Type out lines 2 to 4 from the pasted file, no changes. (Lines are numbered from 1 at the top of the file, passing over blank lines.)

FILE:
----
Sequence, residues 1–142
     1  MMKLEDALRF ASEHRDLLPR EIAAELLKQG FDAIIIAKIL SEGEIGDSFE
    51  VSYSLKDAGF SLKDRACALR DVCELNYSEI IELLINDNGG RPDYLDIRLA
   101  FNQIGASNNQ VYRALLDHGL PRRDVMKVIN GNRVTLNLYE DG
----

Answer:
     1  MMKLEDALRF ASEHRDLLPR EIAAELLKQG FDAIIIAKIL SEGEIGDSFE
    51  VSYSLKDAGF SLKDRACALR DVCELNYSEI IELLINDNGG RPDYLDIRLA
   101  FNQIGASNNQ VYRALLDHGL PRRDVMKVIN GNRVTLNLYE DG